Last summer, B.A. Moto's Nate Hudson completed the epic, inspiring Allstate Ride for Awareness across all 50 states.
It’s all in a summer’s work for B.A. Moto’s Nate Hudson.
Though he no longer sported the signature beard from his 50 state ride, Nate Hudson is every bit the iconic biker, and it's no wonder why Allstate hired him to complete their Ride for Awareness campaign.
I met up with him one late Thursday afternoon while he was pulling into B.A. Moto, the motorcycle shop he co-owns with his brothers in Signal Hill. Nate was fresh back from a parts run, and ready to talk about everything from LA traffic to the life-changing experiences he had over the course of his trip.
The Allstate Ride for Awareness was a job Nate took that entailed traveling through all 50 states and visiting their capitals to promote safety for everyone on the road—motorcycles and cars alike.
To that end, he pushed to have the following question added to written driver’s license exams: “What is the most commonly caused accident between a car driver and a motorcycle rider?” The correct answer? “When a car makes a left turn in front of a motorcycle at an intersection.” He also spent plenty of time talking with state officials about traffic safety, accident statistics, and what needed to be done to make the roads safer for all.
The Impact of Nate Hudson
In spite of telling me he was, “Excited enough to be a monkey riding a bike,” since he had taken plenty of long trips with his friends on his own dime, Hudson brought much more to the campaign than simply piloting Allstate’s two-wheeled billboard and passing out Allstate press packets at each stop.
Hudson also had a hand in planning the endeavor and brought another angle to all the talk of safety. He told me, “I’ve been riding for a while, and honestly I feel you can avoid all accidents on the bike. You gotta be on defense at all times.”
For all of his slicked back hair, old-school garage decor, and inked up arms, Nate Hudson espouses a very compassionate and accountable attitude, far from the stereotype most people have of bikers. It’s not us versus them, and it’s not that all cars are the bad guys.
“Guess what?” he says, “I’m a car driver, too. I drive cars. I drive trucks. I’m the same thing. I just like two wheels more than cars.”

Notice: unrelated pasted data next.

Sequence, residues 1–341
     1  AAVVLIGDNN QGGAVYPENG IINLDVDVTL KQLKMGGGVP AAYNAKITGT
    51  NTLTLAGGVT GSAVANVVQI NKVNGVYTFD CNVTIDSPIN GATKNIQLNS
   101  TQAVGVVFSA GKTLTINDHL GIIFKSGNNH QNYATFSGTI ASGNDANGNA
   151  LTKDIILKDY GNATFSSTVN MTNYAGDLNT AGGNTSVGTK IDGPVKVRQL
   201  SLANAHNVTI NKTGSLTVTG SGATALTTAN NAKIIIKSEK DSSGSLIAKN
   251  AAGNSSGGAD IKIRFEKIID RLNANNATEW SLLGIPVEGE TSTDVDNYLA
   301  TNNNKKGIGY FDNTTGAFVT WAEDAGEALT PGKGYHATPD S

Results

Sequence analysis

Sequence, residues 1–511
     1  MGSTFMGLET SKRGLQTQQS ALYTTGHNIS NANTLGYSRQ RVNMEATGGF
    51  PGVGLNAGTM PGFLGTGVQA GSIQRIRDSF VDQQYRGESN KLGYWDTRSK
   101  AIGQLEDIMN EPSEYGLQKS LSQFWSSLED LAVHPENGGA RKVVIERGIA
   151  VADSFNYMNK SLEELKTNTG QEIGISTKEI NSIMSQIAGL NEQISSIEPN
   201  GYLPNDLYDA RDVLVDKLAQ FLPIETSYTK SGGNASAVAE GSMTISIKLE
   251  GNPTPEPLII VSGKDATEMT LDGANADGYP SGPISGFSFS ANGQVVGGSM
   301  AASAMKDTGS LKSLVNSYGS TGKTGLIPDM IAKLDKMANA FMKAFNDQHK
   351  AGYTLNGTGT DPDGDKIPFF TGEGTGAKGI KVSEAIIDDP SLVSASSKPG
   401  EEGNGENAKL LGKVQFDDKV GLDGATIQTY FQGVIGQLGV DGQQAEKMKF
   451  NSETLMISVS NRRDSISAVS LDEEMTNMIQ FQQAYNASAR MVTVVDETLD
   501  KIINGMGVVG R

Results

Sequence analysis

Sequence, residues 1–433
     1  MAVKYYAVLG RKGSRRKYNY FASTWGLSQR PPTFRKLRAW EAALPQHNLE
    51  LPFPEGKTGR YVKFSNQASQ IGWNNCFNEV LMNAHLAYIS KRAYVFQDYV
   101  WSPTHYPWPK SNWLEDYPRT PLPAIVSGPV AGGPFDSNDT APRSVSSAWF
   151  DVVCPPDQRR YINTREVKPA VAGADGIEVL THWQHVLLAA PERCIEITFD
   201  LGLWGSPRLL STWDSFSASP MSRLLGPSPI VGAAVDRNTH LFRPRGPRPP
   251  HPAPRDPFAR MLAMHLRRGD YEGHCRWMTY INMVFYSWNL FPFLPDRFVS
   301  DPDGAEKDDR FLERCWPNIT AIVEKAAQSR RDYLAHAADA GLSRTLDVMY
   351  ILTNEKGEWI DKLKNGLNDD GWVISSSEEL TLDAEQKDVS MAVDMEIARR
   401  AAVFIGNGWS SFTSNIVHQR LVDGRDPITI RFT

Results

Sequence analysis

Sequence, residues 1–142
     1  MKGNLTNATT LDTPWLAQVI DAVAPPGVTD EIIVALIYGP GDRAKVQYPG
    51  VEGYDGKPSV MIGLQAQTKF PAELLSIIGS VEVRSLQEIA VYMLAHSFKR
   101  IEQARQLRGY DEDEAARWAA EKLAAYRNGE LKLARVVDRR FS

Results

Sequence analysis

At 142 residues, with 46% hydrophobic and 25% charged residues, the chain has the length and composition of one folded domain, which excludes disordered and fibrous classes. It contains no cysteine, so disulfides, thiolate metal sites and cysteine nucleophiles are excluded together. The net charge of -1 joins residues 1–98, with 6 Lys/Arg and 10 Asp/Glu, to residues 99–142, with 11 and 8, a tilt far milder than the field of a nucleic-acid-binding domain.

He’s quick to acknowledge that nobody ever knows what’s going on in the sedan or SUV one lane over. “It’s not that the cars are doing it intentionally. It’s not like they’re , ‘Oh, there’s a bike. I’m gonna hit it...’ They could have had a bad day, they could have kids in the backseat yelling, they could be stressed out about their job.”
Acknowledging that the problem is more often distraction than malicious actions, he emphasized, “I haven’t been in an accident in years." (Knocks on wood). "But if I get in an almost accident, it’s because I’m zoned out. I’m not paying attention. I’m in la-la land not fully concentrating, and yeah, it was the car’s fault, but I ...I wasn’t on full game.”
Vigilant for 50 States
The trip frequently did require him to be on full game, as he put it, for all the miles he had to cover and circumstances he had to face. Much of the trip was done solo. “There was no chase truck. There’s no van. There wasn’t a crew. It was just, like, myself. Unless a friend would join me.”
Hudson cited an incident involving a particularly bad storm outside of Sturgis. At the time, he didn’t have any of his buddies with him, and sighted one of those storms that he just knew would be a bad one.
After he made a left onto the two-lane highway, Nate spotted a Harley bagger on its side and did what he could to pull over to check on the other rider. However, once pulled to the side of the road, the winds were so strong that he had to fight to keep the bike on its side stand. Pushing with all of his weight with the bars cocked all the way over to the left, he couldn’t get off the bike, and was resigned to listen to jaw-breaker sized hail stones hitting his helmet and filling his lap. When he looked up, he said that the road seemed to have disappeared from all the rain and hail.